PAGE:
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2013: The Best and Worst Legislators

THE WORST: Comptroller Susan Combs


Bob Daemmrich

Let’s start with two simple premises. First, the $5.4 billion in cuts to education made in 2011 not only damaged the public schools but also threatened the legislative process this session because of the bad blood and lingering suspicion created by the massive reductions. Second, were it not for the poor budget forecasting of Comptroller Susan Combs, those cuts would never have happened.

Here’s why: the comptroller’s job is to monitor the state’s revenue streams and tell legislators how much they’ll have to spend every biennium. And because the state has a pay-as-you-go requirement, the comptroller’s revenue estimate is an actual restriction; lawmakers can’t spend more money than she says they can. Last time around, Combs predicted we’d have $73.4 billion to spend in the 2012–2013 biennium. But in January of this year, she announced that the state could expect to finish the biennium with an $8.8 billion “ending balance” (that’s accountant-speak for “surplus”).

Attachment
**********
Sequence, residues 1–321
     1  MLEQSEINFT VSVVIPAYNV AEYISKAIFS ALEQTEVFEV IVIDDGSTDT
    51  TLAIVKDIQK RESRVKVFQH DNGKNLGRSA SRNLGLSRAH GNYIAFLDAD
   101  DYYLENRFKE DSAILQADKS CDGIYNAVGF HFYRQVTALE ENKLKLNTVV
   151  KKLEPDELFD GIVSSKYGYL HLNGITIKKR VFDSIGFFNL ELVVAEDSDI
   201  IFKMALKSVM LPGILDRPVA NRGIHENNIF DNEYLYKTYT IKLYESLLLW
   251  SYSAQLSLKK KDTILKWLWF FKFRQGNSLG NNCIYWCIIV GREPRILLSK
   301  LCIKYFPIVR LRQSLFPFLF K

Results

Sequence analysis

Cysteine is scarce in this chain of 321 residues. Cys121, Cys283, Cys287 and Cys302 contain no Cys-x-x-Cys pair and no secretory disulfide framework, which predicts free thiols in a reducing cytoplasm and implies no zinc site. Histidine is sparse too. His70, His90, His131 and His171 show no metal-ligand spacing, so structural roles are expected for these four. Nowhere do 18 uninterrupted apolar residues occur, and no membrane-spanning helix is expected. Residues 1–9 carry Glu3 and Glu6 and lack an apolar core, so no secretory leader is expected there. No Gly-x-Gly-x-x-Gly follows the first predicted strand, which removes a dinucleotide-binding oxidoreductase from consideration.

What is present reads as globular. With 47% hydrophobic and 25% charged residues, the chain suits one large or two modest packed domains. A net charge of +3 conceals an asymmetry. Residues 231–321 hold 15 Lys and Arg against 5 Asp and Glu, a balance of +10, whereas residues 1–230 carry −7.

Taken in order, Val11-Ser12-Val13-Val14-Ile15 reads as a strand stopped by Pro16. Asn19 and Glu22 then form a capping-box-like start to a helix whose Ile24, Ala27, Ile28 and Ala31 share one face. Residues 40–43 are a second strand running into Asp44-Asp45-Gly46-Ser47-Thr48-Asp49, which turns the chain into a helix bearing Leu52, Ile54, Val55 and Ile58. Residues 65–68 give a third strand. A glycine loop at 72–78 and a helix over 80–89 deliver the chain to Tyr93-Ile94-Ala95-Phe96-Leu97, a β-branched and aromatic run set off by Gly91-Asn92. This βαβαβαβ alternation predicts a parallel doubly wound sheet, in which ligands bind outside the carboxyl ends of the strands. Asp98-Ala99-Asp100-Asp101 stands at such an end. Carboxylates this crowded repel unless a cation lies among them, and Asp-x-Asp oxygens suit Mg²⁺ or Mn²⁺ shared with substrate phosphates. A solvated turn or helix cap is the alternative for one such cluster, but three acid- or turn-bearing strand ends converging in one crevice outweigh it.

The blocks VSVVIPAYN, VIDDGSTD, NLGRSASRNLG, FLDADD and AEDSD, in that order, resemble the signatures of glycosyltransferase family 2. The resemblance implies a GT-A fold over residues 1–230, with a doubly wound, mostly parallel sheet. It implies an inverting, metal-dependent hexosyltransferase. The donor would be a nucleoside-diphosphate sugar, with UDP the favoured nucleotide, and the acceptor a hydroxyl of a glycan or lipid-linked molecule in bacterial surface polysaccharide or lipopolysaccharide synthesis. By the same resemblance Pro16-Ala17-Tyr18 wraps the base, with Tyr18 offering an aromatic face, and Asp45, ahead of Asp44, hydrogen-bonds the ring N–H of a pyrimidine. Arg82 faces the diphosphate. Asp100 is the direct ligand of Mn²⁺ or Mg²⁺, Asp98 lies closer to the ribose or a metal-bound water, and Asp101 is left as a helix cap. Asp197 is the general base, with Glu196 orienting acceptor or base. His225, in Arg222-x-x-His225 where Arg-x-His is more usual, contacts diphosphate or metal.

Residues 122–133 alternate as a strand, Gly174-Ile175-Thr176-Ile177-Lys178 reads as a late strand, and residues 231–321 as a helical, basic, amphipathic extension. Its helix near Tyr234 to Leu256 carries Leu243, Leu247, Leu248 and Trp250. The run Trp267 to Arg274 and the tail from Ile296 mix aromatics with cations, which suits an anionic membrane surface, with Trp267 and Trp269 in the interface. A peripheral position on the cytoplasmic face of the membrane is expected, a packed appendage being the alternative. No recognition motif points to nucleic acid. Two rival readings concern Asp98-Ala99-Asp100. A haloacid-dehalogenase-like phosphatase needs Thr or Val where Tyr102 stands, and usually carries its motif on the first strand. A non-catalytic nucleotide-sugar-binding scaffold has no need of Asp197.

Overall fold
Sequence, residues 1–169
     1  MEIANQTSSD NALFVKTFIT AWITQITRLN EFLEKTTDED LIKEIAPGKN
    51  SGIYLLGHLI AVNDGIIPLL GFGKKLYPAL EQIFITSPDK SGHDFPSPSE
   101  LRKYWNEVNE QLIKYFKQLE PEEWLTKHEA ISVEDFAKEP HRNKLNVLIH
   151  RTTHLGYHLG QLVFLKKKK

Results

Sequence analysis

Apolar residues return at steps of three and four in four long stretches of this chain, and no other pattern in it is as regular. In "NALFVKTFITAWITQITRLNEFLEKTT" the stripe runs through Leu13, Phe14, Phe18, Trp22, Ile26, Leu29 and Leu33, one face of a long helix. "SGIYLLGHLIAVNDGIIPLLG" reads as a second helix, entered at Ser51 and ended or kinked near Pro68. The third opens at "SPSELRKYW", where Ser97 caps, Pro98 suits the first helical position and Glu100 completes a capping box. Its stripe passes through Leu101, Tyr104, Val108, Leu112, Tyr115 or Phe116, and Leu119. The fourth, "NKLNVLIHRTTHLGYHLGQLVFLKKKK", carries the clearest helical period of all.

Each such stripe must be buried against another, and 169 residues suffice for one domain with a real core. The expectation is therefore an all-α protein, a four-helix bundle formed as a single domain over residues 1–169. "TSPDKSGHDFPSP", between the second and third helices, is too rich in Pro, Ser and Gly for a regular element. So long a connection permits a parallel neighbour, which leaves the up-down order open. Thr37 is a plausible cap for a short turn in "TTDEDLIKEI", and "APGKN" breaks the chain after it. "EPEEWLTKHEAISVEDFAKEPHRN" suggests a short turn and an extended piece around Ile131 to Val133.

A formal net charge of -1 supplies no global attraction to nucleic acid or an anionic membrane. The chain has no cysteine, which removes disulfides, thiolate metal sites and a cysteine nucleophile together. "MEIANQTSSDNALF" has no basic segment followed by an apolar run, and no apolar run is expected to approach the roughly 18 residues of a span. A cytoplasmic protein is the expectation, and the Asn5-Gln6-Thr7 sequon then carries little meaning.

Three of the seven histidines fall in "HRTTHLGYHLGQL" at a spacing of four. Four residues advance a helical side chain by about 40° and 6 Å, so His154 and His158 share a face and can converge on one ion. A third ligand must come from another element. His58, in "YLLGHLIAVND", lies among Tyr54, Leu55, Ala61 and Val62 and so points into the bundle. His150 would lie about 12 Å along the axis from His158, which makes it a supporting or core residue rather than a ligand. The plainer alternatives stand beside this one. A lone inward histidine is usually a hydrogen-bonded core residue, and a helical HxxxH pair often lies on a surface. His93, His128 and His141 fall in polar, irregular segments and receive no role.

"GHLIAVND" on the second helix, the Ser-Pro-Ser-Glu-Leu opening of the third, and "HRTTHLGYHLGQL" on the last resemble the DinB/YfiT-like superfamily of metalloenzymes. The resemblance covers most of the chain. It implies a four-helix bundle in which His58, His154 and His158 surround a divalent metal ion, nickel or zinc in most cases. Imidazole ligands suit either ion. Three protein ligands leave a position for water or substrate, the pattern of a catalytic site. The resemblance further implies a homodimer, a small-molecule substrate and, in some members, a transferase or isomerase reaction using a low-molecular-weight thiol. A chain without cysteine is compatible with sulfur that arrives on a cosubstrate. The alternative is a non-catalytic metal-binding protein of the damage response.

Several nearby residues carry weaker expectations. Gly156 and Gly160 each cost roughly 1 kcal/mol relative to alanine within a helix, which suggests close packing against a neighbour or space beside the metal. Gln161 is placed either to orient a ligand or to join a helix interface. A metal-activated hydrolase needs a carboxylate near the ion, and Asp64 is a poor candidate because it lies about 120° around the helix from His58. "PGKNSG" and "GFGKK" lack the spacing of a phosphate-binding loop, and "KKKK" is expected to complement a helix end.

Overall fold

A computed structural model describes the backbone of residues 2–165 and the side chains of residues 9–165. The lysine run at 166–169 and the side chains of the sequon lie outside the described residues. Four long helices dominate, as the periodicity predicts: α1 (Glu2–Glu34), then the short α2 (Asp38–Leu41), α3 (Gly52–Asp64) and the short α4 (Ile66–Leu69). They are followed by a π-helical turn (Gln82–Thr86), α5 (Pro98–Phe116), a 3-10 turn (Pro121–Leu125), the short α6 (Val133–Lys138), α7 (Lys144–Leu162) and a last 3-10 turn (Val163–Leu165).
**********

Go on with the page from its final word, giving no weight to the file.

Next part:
We’re sympathetic to the fact that the economy has been volatile for the past few years, which makes the comptroller’s job trickier than usual. But if you take a closer look at this year’s estimate, the latest numbers show that the state had $90.2 billion available in general revenue–related funds during the 2012–2013 biennium. That’s a lot more than the $73.4 billion Combs allowed. About 23 percent more, in fact.

In other words, that $8.8 billion suggests truly excessive caution—or, to be cynical, truly excessive partisanship. Let’s not forget that at the same time that Combs was making such a conservative prediction about the budget, she (along with other statewide Republicans) was all too eager to talk about the “Texas miracle” of economic growth and job creation. Let’s also not forget the victims: not just students whose schools were affected by the cuts and the 25,000 state employees who lost their jobs to layoffs but the worthy legislative priorities this session that were made immeasurably more complex by the struggles over restoring the education cuts. But the Lege, and the state, won’t have to worry about Combs’s fuzzy math in the future. As soon as the session ended, she announced that she wouldn’t run for reelection.

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